The traditional Sanskrit theatre of Kerala Kutiyattam is central to two essays written by Heike Moser and Donald Davis. While Moser’s essay is focused on Jatayuvadham, the Fourth Act of Shaktibhadra’s play Ashcharyacudamani (The Wondrous Crest Jewel) and her experience as a performer, Donald Davis examines the tradition of satire from the Kutiyattam by focusing on a performance text called the Purusartthakkuttu. The essay discusses this specialized genre with such clarity that for a non-specialist like the present reviewer, it is an enriching experience.
The final essay in this section by Rich Freeman is a delightful reading. The Arattupula Puram festival is central to the essay. Freeman carefully studied the distribution of the participating temples and examined the itinerary of Arattupula Sastavu, the only deity in graphic detail. It is an illuminating, rigorous ethnographic study underlining the complexity of ritual life, mobility of festivals without any executive centre. Thus the last three essays in the first section mark a shift from political history to cultural history.
The second section of the book opens with an essay on ‘Social Structure and Commercial Pursuits in Early India: Reflections on Some Conceptual Issues’ by Krishna Mohan Shrimali. In the true role of an opening batsman Shrimali sets the stage for the other essays in this section which are conceptually engaging while being grounded on sources be it epigraphic, textual, document like Geniza letters or archival. Shrimali’s main concern is the lack of understanding among the practitioners of Indian history of the nuances of various terminologies, categories etc., used for understanding early Indian society and commerce. He points out the ‘colossal insensitivity’ of the historians and archaeologists towards appropriate vocabulary. He cautions us on the danger of using modern terminology for describing pre-modern behaviour.
From conceptual issues we are now into representation. Daud Ali’s ‘The Image of the Scribe in Early Medieval Sources’ is a fascinating study of how scribes were represented and the roles they played. Daud examines the parallel representations of scribes, one as loyal, indispensable and virtuous and the other as villain. He feels that with decrease in issue of copperplate charters and emergence of new kind of documentary writing like the Lekhapaddhati, the image of the scribe has been changing. He has largely drawn from the eleventh century work of Kshemendra and the anthologies beginning in the thirteenth and fourteenth centuries. A selection of verses on scribes from the anthologies enriches the text further.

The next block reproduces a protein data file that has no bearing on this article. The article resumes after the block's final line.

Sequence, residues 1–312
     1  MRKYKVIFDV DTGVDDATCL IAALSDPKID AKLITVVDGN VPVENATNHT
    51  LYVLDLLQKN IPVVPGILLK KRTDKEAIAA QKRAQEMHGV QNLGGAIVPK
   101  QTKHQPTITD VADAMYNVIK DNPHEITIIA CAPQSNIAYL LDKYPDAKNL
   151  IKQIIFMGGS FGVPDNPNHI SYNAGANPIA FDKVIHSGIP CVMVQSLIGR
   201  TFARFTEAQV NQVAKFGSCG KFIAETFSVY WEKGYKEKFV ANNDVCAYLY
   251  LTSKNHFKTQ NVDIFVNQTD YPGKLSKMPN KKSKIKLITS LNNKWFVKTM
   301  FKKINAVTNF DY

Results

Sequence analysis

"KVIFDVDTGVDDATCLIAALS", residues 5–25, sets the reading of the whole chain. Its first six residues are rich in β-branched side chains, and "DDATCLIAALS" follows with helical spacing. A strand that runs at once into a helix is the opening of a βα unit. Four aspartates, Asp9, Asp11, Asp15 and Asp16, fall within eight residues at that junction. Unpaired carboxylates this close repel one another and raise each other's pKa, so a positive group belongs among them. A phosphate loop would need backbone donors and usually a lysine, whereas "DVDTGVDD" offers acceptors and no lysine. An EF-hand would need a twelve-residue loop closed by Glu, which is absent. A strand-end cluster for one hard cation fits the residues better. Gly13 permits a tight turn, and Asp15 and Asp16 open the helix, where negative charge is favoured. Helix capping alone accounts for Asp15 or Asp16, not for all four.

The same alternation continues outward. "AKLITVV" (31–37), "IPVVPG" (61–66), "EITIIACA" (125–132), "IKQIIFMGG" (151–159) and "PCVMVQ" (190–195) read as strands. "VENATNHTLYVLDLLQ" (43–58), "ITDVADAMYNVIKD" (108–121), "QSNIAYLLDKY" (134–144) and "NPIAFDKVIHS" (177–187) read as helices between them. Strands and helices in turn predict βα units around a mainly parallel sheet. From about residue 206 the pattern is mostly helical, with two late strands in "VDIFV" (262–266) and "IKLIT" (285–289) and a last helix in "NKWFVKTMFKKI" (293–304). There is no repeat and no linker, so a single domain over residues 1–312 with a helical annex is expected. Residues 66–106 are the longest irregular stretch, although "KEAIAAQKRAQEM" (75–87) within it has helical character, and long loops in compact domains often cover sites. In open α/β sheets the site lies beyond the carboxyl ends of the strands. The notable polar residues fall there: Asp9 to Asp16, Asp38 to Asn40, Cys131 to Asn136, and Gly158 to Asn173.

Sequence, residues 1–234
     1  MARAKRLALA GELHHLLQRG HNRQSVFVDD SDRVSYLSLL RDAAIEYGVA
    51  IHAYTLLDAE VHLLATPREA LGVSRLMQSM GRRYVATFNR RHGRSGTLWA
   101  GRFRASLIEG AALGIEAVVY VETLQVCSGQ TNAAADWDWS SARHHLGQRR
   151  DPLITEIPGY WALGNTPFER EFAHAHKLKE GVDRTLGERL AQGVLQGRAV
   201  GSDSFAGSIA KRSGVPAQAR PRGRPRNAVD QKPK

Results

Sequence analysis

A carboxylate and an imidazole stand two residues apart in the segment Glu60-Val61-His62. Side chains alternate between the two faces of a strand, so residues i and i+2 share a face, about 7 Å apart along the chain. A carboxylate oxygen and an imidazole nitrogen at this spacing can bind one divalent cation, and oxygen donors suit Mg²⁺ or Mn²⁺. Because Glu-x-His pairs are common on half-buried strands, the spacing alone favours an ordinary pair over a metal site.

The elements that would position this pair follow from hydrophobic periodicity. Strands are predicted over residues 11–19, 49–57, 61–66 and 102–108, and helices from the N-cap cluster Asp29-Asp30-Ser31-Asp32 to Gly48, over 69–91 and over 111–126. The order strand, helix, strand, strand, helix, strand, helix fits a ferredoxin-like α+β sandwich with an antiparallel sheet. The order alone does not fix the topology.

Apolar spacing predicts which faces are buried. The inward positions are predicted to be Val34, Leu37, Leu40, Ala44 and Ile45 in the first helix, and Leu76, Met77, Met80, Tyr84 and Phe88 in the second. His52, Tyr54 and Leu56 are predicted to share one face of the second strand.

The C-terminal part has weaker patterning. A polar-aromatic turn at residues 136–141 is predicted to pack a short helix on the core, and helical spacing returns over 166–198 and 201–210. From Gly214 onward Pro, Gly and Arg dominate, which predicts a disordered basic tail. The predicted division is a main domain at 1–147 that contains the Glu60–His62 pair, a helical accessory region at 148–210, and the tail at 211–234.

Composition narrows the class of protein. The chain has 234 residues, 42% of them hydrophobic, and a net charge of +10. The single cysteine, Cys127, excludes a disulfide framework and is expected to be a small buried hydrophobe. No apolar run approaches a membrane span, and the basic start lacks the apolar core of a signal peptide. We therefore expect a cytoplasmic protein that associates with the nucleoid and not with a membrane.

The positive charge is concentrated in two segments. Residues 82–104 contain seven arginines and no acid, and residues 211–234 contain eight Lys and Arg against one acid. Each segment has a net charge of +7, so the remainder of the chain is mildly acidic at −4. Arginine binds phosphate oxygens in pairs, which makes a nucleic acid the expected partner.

Bhairabi Prasad Sahu writes on ‘Community, Caste and Region in Odisha’ focusing on the formative period. Sahu’s sustained study on the regional history of Odisha is well known. He traces the political development in Odisha and focuses on the non-brahmanical aspect of state formation. He argues for recognizing early Odisha as a state reflecting composite culture where a process of caste-tribe continuum could be experienced.
Need for reinvestigation of the complex history of caste in ancient and early medieval times is the prime concern of Upinder Singh’s essay entitled ‘Varna and Jati in Ancient India: Some Questions’. She talks about looking at caste beyond an idea or a classificatory system and trying to fathom it as an aspect of the lived experience of various social groups. This is very true as we find that though every region of India had a caste society, it was patterned differently. This difference comes through an understanding of lived experience. Moreover the epigraphic records also suggest the variations in the development of social institutions in different parts of the subcontinent. Colonial and nationalist historiographies have assumed that the actual pattern was identical all over. Upinder has drawn our attention to a very important point relating to the nonmention of Vaisyas and Sudras in Pali Canonical texts. She argues that the reason could be their lack of interest in Vaishyas and Sudras. In her opinion one should study the ideological underpinnings of Buddhist texts which remains neglected. She also rightly points out that often Dharmasastra statements are taken to be a direct reflection of social reality. Indeed a historian needs to question the cause of putting up norms and also the intended audience.